As is par for the course, Maynard keeps to the back, out of the lighting, on two mini stages set behind and around Carey’s drum kit. At times nearly invisible, his voice echoes through the arena as Adam Jones and bassist Justin Chancellor take to the front blasting through two of Tool’s best known tracks in quick succession. The renditions of ‘Sober’ and ‘The Pot’ are everything they should be: sharp and explosive, a hurtling pace matched with almost grotesque claymation visuals on the screens and veil that whips up the already excited crowd, after which the veil is lifted, revealing the band in bright white lighting that seems to fill the entire arena.

For a seated gig, the crowd’s energy is at first, a little unsure of itself. Defaulting to sitting down during the first 3 songs, Maynard takes to the mic for one of only 2 times during the show: “Here’s a story: I got food poisoning… I’m 58, I might just shit myself on stage. If I can stand up, so can you”. The crowd does not sit back down after this, as though the fear of watching someone loosen their bowels mid-concert is reason enough to obey his instructions.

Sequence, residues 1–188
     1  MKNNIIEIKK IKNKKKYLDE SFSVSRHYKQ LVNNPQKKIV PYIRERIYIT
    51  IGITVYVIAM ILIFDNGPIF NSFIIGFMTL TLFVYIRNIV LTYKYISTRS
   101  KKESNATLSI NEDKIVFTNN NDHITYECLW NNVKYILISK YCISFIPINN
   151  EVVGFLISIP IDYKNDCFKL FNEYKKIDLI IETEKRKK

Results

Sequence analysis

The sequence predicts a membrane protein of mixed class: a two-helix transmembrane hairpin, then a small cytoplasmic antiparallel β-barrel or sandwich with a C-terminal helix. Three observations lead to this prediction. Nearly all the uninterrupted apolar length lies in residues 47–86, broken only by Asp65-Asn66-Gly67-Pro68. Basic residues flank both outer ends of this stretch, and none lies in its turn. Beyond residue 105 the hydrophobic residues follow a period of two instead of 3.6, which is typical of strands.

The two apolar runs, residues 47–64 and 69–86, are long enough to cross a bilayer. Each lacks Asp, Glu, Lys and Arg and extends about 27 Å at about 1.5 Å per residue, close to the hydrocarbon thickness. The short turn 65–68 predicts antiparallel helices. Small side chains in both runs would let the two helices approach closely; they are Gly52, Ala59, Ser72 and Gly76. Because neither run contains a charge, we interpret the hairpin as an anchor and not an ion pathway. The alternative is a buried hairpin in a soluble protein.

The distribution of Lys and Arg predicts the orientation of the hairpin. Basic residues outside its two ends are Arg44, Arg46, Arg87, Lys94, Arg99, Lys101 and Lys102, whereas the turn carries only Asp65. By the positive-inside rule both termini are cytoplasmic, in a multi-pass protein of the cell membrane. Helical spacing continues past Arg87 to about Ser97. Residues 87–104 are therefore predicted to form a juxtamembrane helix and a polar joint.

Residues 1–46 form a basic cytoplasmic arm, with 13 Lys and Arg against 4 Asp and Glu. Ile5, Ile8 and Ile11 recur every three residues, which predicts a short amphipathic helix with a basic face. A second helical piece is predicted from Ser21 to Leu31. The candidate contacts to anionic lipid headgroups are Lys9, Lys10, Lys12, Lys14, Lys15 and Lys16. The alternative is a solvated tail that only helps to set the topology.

While ‘Sober’ and ‘The Pot’ are the only inclusions from their respective albums, ‘Lateralus’ gets some love in the trio of ‘The Grudge’, and ‘Eon Blue Apocalypse’ leading into ‘The Patient’ (which, in other nights, has been substituted with ‘Right In Two’). Tracks from this record have always played well live, and tonight was no exception as the pavement cracking bass lines from Chancellor shine through under suitably nineties imagery of a corpse’s third eye opening. 

They’re joined by an utterly entrancing rendition of ‘Descending’: played in orange lighting under the shadow of a black pyramid onscreen that seems to wrap itself over the band ominously, it’s a strange moment of eerie calm that’s emblematic of how much Tool’s visual aspects play into their stageplay, as your eyes are drawn off the band and to this leering black spectacle in the center. ‘Ænima’ also gets some love with ‘Pushit’, and the most surprising inclusion of the night, the comically over-the-top ‘H**ker With a Penis’, which closes out the first ‘act’ in the most explosive way possible as Keenan goes all out on vocals, much to the crowd’s absolute delight.